- Ship design and development, Ship histories and stories
- None noted.
- RAN Ships
- HMAS Warrego I, HMAS Yarra I, HMAS Parramatta I
- December 2012 edition of the Naval Historical Review (all rights reserved)
The massive shipbuilding programs leading up to WWI were dominated by the construction of capital ships. These unsustainable programs involved increases in the national debt of Britain and Germany, leading to disastrous consequences.
Running in parallel with the capital ship program was the development of another type of much smaller vessel, the Torpedo Boat Destroyer (TBD), derived from a French design, which could carry much superior armament based on recent torpedo development. The Royal Navy found a champion in modernisation in Admiral ‘Jacky’ Fisher (later Admiral of the Fleet Lord Kilverstone), who became Third Sea Lord and Controller in 1892. He was an early proponent of the torpedo, believing it would supersede large calibre guns. Between 1897 and 1918 the Admiralty, assisted by civilian yards, developed a confusing number of classes of torpedo boats which were given ship names or alphabetical letters. Well over 150 ships were built, mainly for the RN but some going to other navies. These boats ranged from small coal fired turtle-backs with limited range and sea-keeping qualities to larger vessels with a high bow and oil fired turbines, providing improved range and ocean going capabilities.
The history of the TBD is important as it is from this beginning that the first ships of the fledgling RAN arose, having first come to prominence in Australia in late 1902 with the appointment of Admiral Sir Harry Rawson as Governor of NSW, as he had previously been involved in the procurement of TBDs.
By late 1905 these proposals had been refined, with the Commonwealth Naval Force showing interest in acquiring ‘River’ class TBDs (named after British rivers) As they followed on from the ‘D’ class they were later officially designated as ‘E’ class. In 1906 the Director of Commonwealth Naval Forces, Captain Creswell, visited Britain to acquaint himself with the latest designs and inspect shipyards, and he satisfied himself that the ‘River’ class would be suitable for Australian waters.
At the Imperial Defence Conference held in London in 1907 the Australian Prime Minister, Alfred Deakin, supported by Captain Creswell, pressed for an independent naval force consisting of small coastal destroyers and a small submarine flotilla. This was followed in the same year by the visit of Commanders Colquhoun and Clarkson, who again conducted an extensive tour of shipyards. They also engaged as a consultant Professor John Biles of Glasgow University, an eminent naval architect who had been a member of the Committee of Warship Design and of the TBD Committee. While there was no official Commonwealth Government agreement to the purchase of new warships, Expressions of Interest were placed with a number of shipyards for up to eight ships, with half to be constructed in Australia, based on the Yarrow ‘River’ class design as modified by Biles. Responses were received on 24 July 1907 and Biles recommended that a consortium of Denny and Fairfield build the Australian boats. It is noteworthy that Denny had offered the lowest tender and Fairfield had not been invited to bid.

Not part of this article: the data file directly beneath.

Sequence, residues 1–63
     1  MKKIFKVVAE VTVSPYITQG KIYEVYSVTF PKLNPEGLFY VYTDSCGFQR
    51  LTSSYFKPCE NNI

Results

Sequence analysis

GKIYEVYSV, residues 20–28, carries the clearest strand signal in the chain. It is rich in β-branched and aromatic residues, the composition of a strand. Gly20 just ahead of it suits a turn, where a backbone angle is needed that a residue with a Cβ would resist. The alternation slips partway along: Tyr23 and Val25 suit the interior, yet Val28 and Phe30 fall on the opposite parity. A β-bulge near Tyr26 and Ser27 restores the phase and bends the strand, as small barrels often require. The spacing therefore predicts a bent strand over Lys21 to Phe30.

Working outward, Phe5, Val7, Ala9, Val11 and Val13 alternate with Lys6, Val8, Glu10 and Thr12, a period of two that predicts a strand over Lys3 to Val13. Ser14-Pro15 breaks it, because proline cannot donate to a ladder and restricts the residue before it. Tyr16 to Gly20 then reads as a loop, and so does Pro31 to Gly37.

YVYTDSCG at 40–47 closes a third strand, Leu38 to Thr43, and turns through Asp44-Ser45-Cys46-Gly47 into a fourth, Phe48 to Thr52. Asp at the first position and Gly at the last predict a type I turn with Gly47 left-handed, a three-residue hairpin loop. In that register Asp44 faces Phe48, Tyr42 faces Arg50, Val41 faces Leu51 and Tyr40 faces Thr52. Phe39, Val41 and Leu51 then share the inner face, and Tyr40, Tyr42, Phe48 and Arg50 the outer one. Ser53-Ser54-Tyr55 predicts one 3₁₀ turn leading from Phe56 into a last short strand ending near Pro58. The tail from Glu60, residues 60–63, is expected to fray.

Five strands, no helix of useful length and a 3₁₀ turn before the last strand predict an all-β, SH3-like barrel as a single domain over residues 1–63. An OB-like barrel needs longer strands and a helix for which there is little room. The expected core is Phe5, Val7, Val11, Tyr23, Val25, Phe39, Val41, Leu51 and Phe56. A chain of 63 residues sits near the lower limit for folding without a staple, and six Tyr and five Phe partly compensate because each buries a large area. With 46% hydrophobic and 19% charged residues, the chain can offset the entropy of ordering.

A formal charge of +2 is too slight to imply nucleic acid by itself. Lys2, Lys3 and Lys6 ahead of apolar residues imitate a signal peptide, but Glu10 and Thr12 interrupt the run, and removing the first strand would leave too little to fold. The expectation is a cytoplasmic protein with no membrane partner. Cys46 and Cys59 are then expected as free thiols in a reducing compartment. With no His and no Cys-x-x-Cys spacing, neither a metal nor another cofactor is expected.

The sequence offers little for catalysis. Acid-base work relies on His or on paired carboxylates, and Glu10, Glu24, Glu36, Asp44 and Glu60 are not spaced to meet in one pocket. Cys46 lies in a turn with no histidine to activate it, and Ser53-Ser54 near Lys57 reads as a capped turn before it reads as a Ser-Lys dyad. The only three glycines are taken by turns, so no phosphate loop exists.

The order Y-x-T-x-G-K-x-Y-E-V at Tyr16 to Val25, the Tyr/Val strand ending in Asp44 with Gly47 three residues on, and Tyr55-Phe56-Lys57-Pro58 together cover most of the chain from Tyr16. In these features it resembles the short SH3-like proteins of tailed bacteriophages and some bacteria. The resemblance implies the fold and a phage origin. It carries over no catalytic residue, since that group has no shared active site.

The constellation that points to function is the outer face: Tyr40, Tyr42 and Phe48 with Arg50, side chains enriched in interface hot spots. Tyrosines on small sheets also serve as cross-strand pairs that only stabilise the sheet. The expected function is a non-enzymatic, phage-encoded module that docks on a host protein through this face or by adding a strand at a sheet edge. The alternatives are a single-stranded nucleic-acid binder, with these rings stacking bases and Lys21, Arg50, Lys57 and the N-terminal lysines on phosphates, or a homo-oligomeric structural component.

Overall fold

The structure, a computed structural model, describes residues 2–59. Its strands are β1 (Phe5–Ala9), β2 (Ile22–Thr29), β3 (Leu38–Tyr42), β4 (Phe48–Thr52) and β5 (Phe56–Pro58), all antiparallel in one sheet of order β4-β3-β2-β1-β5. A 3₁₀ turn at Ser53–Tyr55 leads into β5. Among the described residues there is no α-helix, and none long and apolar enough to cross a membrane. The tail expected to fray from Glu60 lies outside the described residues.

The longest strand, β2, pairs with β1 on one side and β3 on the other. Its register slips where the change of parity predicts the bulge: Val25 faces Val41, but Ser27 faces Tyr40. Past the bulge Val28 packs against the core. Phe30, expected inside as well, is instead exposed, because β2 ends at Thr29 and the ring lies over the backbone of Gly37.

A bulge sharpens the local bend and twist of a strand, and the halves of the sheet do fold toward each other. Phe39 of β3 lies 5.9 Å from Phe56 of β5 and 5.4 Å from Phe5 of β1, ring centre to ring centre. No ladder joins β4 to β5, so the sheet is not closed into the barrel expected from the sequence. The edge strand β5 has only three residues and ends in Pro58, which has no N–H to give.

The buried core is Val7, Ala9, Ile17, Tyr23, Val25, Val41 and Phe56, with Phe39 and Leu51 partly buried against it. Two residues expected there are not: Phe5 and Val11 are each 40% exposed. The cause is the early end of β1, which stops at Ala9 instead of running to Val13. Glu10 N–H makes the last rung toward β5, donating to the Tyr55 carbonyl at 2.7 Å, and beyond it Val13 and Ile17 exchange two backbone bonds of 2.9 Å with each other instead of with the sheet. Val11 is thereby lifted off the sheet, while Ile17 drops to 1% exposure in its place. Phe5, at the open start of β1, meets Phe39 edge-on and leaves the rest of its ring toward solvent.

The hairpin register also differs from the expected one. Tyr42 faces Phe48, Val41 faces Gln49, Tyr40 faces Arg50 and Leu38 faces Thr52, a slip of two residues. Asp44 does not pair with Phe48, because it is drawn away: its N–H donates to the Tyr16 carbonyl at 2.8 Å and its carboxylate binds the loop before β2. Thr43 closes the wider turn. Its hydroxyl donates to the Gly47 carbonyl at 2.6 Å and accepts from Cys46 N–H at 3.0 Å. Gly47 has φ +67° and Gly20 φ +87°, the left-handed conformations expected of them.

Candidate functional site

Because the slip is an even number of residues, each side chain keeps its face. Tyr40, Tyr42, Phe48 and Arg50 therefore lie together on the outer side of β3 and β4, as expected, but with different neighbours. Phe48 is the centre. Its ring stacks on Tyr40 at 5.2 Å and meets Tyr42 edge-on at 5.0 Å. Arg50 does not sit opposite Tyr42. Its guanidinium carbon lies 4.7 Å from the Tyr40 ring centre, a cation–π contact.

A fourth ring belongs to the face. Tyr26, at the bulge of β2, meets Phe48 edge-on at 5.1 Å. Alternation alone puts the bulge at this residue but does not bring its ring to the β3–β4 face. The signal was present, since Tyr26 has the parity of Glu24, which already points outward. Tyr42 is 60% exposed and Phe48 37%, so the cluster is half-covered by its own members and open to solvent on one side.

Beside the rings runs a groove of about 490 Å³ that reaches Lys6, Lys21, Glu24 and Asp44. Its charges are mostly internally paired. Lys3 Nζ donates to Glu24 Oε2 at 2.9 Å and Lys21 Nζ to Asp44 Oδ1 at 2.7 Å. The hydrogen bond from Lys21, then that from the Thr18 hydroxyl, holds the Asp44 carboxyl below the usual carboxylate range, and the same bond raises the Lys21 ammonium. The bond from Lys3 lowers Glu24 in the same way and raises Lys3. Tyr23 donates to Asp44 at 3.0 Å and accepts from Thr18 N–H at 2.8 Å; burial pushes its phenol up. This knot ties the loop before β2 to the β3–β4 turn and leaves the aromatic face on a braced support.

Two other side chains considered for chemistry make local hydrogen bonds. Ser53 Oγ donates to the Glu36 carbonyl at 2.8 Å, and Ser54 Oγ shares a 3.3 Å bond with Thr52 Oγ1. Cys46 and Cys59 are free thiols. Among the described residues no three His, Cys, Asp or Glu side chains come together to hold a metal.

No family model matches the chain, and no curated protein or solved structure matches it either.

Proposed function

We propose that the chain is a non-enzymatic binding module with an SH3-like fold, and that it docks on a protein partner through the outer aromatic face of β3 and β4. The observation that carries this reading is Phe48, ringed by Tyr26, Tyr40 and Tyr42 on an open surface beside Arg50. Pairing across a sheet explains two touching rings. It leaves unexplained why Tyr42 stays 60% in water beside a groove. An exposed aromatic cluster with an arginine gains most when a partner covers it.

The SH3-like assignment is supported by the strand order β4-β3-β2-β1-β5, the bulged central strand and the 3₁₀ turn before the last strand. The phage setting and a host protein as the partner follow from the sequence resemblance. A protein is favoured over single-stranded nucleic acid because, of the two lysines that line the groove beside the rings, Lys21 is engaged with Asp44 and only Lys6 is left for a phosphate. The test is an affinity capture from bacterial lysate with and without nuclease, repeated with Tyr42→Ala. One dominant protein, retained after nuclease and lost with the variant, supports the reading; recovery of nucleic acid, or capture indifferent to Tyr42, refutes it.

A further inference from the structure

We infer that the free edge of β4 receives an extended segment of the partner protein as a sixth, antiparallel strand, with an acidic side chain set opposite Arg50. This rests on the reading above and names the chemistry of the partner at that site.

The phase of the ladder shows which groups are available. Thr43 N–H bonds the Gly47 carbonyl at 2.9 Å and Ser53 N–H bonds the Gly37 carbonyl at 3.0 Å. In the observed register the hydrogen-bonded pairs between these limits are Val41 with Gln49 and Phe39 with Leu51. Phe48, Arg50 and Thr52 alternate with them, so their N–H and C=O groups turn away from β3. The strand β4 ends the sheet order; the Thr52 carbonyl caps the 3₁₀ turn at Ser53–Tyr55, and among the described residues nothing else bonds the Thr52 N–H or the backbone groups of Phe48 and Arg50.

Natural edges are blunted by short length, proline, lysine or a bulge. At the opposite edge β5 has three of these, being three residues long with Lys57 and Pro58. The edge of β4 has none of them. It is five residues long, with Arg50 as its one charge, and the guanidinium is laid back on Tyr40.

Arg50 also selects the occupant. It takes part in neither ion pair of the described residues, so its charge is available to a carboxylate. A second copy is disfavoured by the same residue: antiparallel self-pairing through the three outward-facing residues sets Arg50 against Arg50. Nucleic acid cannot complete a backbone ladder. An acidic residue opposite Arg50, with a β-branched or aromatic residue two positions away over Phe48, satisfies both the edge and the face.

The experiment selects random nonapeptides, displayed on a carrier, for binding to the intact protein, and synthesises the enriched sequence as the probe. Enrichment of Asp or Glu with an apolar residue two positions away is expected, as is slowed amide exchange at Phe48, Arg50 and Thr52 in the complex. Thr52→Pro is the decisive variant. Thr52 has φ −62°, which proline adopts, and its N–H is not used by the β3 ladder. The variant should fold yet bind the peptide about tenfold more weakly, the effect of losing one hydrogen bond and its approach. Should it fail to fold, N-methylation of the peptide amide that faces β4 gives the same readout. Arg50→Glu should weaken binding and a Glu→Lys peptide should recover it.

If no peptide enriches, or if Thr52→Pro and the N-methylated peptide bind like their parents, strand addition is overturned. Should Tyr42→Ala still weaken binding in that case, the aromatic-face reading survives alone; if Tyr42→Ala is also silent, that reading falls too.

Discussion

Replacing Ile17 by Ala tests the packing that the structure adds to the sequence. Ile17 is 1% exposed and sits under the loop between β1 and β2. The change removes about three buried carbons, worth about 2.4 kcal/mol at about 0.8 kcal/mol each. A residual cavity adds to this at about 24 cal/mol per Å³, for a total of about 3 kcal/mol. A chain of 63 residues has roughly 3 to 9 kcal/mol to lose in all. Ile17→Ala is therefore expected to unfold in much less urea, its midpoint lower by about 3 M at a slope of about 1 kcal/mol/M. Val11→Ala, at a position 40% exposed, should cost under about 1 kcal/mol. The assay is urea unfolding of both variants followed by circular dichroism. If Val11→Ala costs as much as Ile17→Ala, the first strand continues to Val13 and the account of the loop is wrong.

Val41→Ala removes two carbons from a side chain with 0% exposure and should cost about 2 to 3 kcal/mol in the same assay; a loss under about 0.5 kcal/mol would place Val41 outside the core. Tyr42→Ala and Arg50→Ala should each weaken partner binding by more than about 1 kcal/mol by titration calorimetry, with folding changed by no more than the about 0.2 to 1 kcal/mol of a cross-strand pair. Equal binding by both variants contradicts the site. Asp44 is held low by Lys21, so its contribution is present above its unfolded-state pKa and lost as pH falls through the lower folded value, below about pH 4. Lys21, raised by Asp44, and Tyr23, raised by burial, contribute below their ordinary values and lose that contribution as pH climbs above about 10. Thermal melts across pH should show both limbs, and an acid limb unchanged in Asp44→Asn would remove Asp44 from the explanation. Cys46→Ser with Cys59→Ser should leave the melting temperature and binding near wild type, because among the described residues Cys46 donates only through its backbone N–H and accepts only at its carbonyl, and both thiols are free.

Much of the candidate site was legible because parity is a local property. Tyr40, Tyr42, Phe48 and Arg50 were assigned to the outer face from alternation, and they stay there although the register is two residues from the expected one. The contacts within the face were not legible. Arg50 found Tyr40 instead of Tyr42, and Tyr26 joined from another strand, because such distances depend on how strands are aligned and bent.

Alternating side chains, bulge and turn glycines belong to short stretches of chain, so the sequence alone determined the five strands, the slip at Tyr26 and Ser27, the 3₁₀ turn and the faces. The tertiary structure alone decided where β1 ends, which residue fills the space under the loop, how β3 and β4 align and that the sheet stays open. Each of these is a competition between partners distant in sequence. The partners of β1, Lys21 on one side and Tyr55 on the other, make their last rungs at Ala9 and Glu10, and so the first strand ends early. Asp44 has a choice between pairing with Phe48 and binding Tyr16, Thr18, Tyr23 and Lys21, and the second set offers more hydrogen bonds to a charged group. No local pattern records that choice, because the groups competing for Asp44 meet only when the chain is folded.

In 1908 Andrew Fisher became Prime Minister and Senator George Pearce the Minister of Defence. The new government fully supported naval defence and impetus was again given to the TBD program. On 6 February 1909 the Commonwealth Govern-ment finally announced a decision to order two ‘River’ class TBDs. On the same day a telegram was sent from the Department of Defence to the Commonwealth Office in London requesting that the firms who had previously tendered review their original proposals giving times of delivery for two vessels together with a separate quotation for a similar vessel to be re-assembled in Australia. Of particular concern were the endurance of 2,500 miles at 14 kts and a top speed of 26 kts, based on the need for the ships to transit from Sydney to Fremantle. On 13 March 1909, an amazingly short period of five weeks, tenders were accepted.
The Sydney Evening News dated Monday 15 March 1909 ran the following article:
Nucleus of a Navy – Tenders for Torpedo-Boat Destroyers
Senator Pearce, Minister for Defence, today announced that he had accepted tenders for the construction of two torpedo boat destroyers of the River class, with materials for the third to be put together in Australia. The contractors are William Denny and Bros., of Leven Shipbuilding Yards, Dumbarton, near Glasgow, and the Fairfield Shipbuilding and Engineering Co. Ltd., of Govan, Glasgow. Professor Byles (sic), Consulting Naval Architect to the British Admiralty and Professor of Naval Architecture at Glasgow University, has been engaged to supervise the construction of the vessels. The details of the contracts are to be drawn up in London by Captain Collins and Engineer-Commander Clarkson and submitted to the Commonwealth legal representatives in London.